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Re: This Is How To Quit Bad Habits Without Willpower: 3 Secrets From Neuroscience

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A Very Happy New Year to you, Epster!!

 

Smiley Happy

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Re: This Is How To Quit Bad Habits Without Willpower: 3 Secrets From Neuroscience

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Happy New Year, @wilful Smiley Happy

 

 

"The key to success is to keep growing in all areas of life - mental, emotional, spiritual, as well as physical." Julius Erving
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Re: This Is How To Quit Bad Habits Without Willpower: 3 Secrets From Neuroscience

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Hi Epster - You are on the right path...  Here is your next turn.

 

Beyond the Self: Conversations between Buddhism and Neuroscience

 

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This Is How To Quit Bad Habits Without Willpower: 3 Secrets From Neuroscience

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This Is How To Quit Bad Habits Without Willpower: 3 Secrets From Neuroscience

 

Got any serious bad habits? The extra-strength ones with the FDA warning. The kind you really beat yourself up about — but still engage in all the time?

cookie monster.jpg

 

Procrastination that screws up the quality of your work? Epic tidal waves of laziness? Or cardiac-threatening levels of overwork? Snapping at the ones you love? Or not speaking up even when you know you should?

 

We’re going to turn everything you know about bad habits on its head. For starters, here’s the good news: you’re not lazy, you’re not a screw up, and you’re not a bad person. In fact, you don’t actually have “bad habits” at all. Those tempting or nagging voices in your head aren’t evil. Actually, they’re trying to help you.

 

Yeah, I know: I have a lot of ‘splaining to do. But before it all makes sense, we’ll need to wade into a bit more crazy. Pixar films, neuroscience, multiple personalities, mindfulness, “Fight Club”, and boatloads of you talking to yourself like you’re nuts…

 

Yes, weird, but totally legit. In fact, there’s a whole system of psychology based around this: Internal Family Systems (IFS.) It’s been shown to help people with everything under the sun from depression, to anxiety, eating disorders, addictions, and even some of the most serious stuff like PTSD.

 

From Internal Family Systems Skills Training Manual:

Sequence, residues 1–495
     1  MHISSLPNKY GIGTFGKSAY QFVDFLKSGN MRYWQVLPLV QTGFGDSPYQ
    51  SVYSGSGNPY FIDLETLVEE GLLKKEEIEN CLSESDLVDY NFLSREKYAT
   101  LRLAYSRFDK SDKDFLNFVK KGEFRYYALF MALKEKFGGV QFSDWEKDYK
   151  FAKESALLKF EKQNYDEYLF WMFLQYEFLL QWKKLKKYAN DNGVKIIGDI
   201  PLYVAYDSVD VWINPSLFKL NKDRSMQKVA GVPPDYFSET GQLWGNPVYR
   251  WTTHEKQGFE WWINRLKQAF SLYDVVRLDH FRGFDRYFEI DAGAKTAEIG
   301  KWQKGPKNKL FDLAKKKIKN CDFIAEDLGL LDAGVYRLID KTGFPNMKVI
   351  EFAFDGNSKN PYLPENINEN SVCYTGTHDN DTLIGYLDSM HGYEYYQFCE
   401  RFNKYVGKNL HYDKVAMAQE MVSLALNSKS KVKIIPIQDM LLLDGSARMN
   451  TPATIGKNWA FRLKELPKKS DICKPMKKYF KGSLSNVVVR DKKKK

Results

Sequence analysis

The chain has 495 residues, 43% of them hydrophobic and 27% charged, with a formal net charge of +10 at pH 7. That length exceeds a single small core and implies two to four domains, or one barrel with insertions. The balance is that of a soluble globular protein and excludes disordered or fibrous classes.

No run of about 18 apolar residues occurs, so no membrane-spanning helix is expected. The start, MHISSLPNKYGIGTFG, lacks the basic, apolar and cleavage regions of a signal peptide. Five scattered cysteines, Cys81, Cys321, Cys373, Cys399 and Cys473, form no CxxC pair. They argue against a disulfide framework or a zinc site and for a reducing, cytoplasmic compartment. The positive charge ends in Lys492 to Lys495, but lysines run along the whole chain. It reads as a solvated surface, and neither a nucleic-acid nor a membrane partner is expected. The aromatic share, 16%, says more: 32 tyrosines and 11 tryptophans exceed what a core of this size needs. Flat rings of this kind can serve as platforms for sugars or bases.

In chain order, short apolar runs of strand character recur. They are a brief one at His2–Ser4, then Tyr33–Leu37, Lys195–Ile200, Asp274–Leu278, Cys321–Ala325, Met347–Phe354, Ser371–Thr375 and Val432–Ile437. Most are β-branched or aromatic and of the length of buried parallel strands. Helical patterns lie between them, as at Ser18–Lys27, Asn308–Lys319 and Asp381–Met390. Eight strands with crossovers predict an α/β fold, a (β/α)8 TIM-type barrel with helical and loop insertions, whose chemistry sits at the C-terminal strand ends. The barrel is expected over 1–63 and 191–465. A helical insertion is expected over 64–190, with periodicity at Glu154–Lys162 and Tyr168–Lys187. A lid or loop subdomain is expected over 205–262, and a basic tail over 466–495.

In the IFS Complex Trauma Study, only one subject out of 13 still qualified for a diagnosis of PTSD after finishing 16 weeks of IFS therapy.

This is a system that can help you overcome almost any bad behavior, deal with deep-seated issues and even help you love yourself a bit more.

 

We’re going deep here. Warning: we’re entering “the therapy zone.” It’s gonna get touchy-feely and a little awkward. I’m often skeptical of this kinda stuff myself. But when something works, it works.

Alright, hold my inner child’s hand and we’ll do this together. Let’s get to it…

 

You’re Not Lazy, Weak, Or Awful

I posted recently about “the modular mind.” Basically, this is the theory that there is no singular “you.” There are many different selves inside you that take turns running the ship and that’s why human behavior (including yours and mine) can be so random and frustrating. When you say, “I wasn’t myself” that’s far more accurate than you ever thought.

 

(I’m not going to rehash the entire theory because regular readers would rise up and slay me for repeating myself. If you want the full scoop, click here.)

 

There are many different yous in your head. William James was saying it back in the 19th century, and now every major division of psychology is on board with this idea, including neuroscience.

From The Body Keeps the Score:

 

Michael Gazzaniga, who conducted pioneering split-brain research, concluded that the mind is composed of semiautonomous functioning modules, each of which has a special role. In his book The Social Brain (1985) he writes, “But what of the idea that the self is not a unified being, and there may exist within us several realms of consciousness? . . . From our [split-brain] studies the new idea emerges that there are literally several selves, and they do not necessarily ‘converse’ with each other internally.” MIT scientist Marvin Minsky, a pioneer of artificial intelligence, declared: “The legend of the single Self can only divert us from the target of that inquiry. . . . [I]t can make sense to think there exists, inside your brain, a society of different minds. Like members of a family, the different minds can work together to help each other, each still having its own mental experiences that the others never know about.”

 

 

Get the secrets: read the entire article here.  And Happy New Year!

 

 

 

"The key to success is to keep growing in all areas of life - mental, emotional, spiritual, as well as physical." Julius Erving
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